Trucking People
The cost of justice
Trucker files civil rights suit after being held in jail despite a 0.00 blood alcohol test

By Coral Beach
staff editor

A 74-year-old South Carolina trucker who spent several months and thousands of dollars fighting DUI and drug charges that were eventually dropped has filed a federal lawsuit alleging that police in Alabama falsely imprisoned him.

Victor Angeline was hauling a load of emergency hurricane relief supplies on Nov. 3, 2005, when police pulled him over on Interstate 65 near the Alford Avenue Exit in Hoover, AL. The police had reportedly received a call about a trucker driving erratically in the area.

In a suit alleging that his constitutional rights were violated, Angeline contends his truck was illegally searched and that he was falsely arrested and imprisoned. The case was filed Feb. 13 in U.S. District Court for the Northern District of Alabama. Trial has been scheduled for May 2008.

The 17-page lawsuit also states that the police used excessive force and that Angeline – who was 73 at the time – was subjected to “harmful or offensive touching” by the arresting officers.

It was just minutes before 11 a.m. on Nov. 3, 2005, when Angeline was restrained at the roadside and handcuffed.

Hoover Police Officer Nina Monosky and her partner – whose identity Angeline’s attorney was still trying to determine when the federal civil rights case was filed – accused Angeline of being drunk and then searched his truck. The officers found a sleep medication, which was several months old and mostly unused. It had been prescribed for Angeline after the death of his mother.

A trucker for more than 30 years, Angeline watched as a wrecker towed his rig filled with hurricane relief supplies away from the scene. According to the lawsuit, Angeline repeatedly asked to take a breath test for alcohol at the roadside and after he was taken to jail.

His roadside requests were denied and Angeline, a Darlington, SC, resident, was arrested for suspicion of operating a vehicle under the influence. After he had been in custody for an hour, the police finally granted his request for a breath test.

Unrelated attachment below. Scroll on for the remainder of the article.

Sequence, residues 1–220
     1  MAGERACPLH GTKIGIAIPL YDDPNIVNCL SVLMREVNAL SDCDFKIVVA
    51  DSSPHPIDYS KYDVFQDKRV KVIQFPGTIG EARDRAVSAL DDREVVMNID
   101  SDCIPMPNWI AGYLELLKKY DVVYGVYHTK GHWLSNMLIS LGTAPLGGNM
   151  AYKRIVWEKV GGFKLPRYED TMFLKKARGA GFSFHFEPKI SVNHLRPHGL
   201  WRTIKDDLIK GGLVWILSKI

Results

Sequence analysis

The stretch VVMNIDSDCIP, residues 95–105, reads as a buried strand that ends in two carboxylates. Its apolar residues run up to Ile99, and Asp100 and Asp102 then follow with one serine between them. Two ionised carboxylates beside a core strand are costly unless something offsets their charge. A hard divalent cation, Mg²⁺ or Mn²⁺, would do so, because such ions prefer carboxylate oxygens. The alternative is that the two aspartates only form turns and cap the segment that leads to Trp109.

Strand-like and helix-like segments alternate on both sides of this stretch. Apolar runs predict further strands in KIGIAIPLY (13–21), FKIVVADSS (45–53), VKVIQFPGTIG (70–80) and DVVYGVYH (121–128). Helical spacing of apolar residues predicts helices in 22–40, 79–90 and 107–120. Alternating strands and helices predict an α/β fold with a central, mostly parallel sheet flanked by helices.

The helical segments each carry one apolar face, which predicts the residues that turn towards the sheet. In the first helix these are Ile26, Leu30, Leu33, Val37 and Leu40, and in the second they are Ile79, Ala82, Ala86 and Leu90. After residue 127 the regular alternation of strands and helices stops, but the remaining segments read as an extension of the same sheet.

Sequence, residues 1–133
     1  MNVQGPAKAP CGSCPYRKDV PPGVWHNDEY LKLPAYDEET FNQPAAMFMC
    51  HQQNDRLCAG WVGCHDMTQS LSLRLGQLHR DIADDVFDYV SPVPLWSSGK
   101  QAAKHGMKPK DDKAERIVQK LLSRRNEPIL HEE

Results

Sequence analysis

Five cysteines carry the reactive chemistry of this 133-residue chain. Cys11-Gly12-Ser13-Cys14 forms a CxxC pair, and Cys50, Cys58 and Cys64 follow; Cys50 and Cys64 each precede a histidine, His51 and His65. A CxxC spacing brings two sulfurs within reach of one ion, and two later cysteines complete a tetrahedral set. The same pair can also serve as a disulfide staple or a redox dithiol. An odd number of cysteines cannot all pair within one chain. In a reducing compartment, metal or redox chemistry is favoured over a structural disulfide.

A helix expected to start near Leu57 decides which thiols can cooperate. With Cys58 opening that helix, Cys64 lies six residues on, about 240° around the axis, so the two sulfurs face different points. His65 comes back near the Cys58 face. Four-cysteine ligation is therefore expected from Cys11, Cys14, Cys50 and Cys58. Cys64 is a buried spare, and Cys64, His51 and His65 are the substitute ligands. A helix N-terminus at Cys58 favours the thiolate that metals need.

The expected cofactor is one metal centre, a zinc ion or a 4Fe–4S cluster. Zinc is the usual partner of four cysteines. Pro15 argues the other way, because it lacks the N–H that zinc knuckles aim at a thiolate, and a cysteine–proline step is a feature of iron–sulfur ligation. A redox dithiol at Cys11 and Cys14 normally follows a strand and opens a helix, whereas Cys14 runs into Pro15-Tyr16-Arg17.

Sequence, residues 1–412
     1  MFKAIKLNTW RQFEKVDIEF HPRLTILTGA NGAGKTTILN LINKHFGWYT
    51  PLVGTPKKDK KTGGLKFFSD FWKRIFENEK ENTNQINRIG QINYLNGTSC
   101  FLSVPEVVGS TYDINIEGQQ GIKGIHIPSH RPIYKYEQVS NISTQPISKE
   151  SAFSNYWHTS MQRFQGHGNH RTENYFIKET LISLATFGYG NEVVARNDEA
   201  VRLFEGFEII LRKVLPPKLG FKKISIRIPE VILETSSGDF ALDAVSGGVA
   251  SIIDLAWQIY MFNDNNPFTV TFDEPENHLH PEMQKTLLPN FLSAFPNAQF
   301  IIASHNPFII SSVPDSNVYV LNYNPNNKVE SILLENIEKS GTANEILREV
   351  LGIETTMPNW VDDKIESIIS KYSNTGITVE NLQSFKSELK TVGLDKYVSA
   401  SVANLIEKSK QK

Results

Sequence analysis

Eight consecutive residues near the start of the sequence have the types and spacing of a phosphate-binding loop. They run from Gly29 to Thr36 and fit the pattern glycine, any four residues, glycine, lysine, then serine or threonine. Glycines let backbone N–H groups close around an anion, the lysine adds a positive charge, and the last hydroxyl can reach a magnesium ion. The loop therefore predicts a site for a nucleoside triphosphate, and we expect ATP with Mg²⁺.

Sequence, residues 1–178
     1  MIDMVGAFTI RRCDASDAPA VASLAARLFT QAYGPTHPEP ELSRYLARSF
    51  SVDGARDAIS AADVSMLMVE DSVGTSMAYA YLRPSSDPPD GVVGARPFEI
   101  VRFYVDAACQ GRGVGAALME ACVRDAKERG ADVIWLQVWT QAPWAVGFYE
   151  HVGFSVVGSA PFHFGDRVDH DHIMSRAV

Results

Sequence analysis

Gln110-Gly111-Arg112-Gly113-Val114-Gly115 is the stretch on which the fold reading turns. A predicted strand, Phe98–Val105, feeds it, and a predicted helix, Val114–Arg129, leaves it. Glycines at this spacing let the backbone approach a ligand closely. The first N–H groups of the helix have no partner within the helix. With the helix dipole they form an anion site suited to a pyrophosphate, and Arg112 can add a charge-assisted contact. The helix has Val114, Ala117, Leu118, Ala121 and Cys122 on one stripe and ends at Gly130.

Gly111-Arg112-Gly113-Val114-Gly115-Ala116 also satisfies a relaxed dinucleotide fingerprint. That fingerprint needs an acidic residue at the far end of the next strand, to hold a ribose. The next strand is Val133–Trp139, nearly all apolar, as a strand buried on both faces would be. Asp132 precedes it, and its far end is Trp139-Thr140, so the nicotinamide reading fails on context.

The test showed his blood alcohol content to be 0.00.

Despite Angeline’s zero blood alcohol test result, Hoover police kept him in jail for another 35 hours. The trucker repeatedly denied being under the influence of drugs and repeatedly asked for a urine test to prove that. According to the lawsuit, police refused to test Angeline for drugs.

According to the lawsuit, while Angeline was being held in a jail cell, Hoover Police Officer Bruce Scarborough called the company Angeline was hauling for – Greentree Transportation Co. – and told company officials that Angeline had been incarcerated for driving under the influence, failing a sobriety test and illegal possession of drugs.

The lawsuit contends that Scarborough called Greentree officials after the trucker had blown 0.00 on the alcohol breath test.

The trucking company suspended Angeline’s contract, even though he had a career record of more than 4 million safe miles.

The Hoover police began proceedings to suspend Angeline’s driving privileges, which resulted in him being unable to obtain insurance and therefore kept him from trucking at all for several months.

During the months following his arrest, Angeline spent thousands of dollars to defend himself while his ability to earn a living was in limbo.

Finally, in February 2006, the drug charge was dismissed, but it took until May 2006 for the alcohol-related charge to be dismissed, even though the breath test showed Angeline’s blood alcohol content was 0.00.

Angeline is seeking a jury trial and monetary damages to pay for the legal fees he has incurred and to replace the income he lost as a result of the actions of the Hoover police. He is also asking for punitive damages to punish the police department, Police Chief Nicholas C. Derzis, the officers involved and the city of Hoover for allowing the “false arrest” and failing to take appropriate steps to remedy the situation.